The catalogs were so popular that even today siblings in their sixties recall arguing over who would get to read the books first.

Actually, the widely popular Wish Book was just one of a series of catalogs that Sears published, beginning with the initial non-holiday one mailed to potential buyers in 1894.

The first Christmas catalog arrived in homes in 1933. Featured items in that book included the then-popular Miss Pigtails doll, Lionel electric train sets, a Mickey Mouse watch, and even live singing canaries.

The cover of 1933 offered illustrations displaying some of the featured items found in the 87-page catalog. The next year Sears started the tradition of putting warm, colorful Christmas scenes on the cover and a holiday icon was born.

As its popularity soared, the catalog continued to grow, reaching its maximum size of 605 pages in 1968, four years after the last of the Baby Boomers were born.

Interestingly, while almost everyone nostalgically remembers the catalog as filled with nothing but toys, that isn’t true. The initial 1933 book offered 62 pages of gifts for adults and only 25 pages of toys. In 1968, there were 380 pages for adults and 225 devoted to youngsters.

By 1943, the catalogs were being heralded as “a mirror of our times, recording for future historians today’s desires, habits, customs, and mode of living.”

That message proved prophetic. 

Today, producers of Hollywood movies and Broadway shows frequently refer to old catalogs for styles of a specific period, while cultural historians use them to examine life in days long gone.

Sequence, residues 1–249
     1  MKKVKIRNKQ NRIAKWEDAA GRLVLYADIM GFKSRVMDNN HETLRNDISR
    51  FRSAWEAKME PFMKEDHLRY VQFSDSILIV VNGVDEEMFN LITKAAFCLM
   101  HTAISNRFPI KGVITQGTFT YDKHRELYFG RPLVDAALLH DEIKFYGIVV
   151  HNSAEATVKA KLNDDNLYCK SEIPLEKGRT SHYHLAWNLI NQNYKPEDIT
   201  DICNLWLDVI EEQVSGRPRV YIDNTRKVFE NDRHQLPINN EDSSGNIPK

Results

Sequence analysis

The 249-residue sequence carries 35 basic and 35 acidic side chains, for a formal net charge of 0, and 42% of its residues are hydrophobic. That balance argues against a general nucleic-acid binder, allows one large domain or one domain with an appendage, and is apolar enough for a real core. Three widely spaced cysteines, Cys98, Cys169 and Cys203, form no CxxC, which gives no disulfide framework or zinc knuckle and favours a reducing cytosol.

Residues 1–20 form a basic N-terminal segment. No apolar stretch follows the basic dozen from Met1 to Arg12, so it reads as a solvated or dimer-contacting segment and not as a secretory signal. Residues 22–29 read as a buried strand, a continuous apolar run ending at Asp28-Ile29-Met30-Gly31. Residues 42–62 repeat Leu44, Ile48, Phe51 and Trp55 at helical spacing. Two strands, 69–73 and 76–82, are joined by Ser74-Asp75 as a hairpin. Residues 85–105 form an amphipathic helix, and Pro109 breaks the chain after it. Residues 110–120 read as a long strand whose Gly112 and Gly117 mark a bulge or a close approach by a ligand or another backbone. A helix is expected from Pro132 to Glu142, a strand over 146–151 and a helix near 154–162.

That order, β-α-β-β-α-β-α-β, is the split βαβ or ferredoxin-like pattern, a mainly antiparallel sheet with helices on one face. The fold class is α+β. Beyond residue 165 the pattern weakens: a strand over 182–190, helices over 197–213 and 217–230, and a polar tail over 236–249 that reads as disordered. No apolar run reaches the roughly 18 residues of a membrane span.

However, as is the case with so many things of the past, the Christmas Wish Book fell victim to changing times, specifically modern trends in retailing and technology. The company decided to halt producing the large catalogs for Americans in 1993.

Now obviously, youngsters today are just as excited about the holidays as their counterparts of the past. So what do they do? Instead of spreading the big-book catalogs on their laps, they now grab their computers or portable electronic devices to track down toy listings online.

Of course, what technology takes away in one form, it often saves in another.

For example, very few of us still have our favorite Sears catalogs from the past. But in 2006, two catalog preservation enthusiasts came up with the idea of WishbookWeb.com, and since that time have been scanning and posting holiday catalogs online, allowing nostalgic viewers to relive their childhood Christmas dreams.

A word of warning, however. If you are a Baby Boomer who decides to trigger some Christmas memories by visiting that site, beware.

The internets’ Ghosts of Christmas Past are strong and you just might find yourself drawn into the burgeoning world of collecting toys, games, and other items from the 50s to the 80s you once had or always wanted to possess.

For some, it might be returning to that Barbie collection you so recklessly gave away when you moved into your first apartment. For others, it might be classic Matchbox or Hot Wheel cars, colorful Hula hoops, or even original Mr. Potato Head sets (where you would still have to use actual potatoes).

As for me, I was once hooked on Marx playsets. I believed that between Santa, my parents, and my allowance, I had at one time or another possessed every set Marx ever produced. The Blue and the Grey. Roman gladiators. The Wild West. The Alamo. World War II. I had them all.

But in the course of researching this article, I found two obscure ones I never had.

Of course, that discovery left me with a big Christmas problem. How could I get those two sets 50 years later?

I don’t think I have enough time to write Santa, mail my letter to the North Pole, and have the jolly fellow construct and deliver the two sets by Christmas Eve.

So does anyone out there know if Santa has a personal email address or a secret Skype number?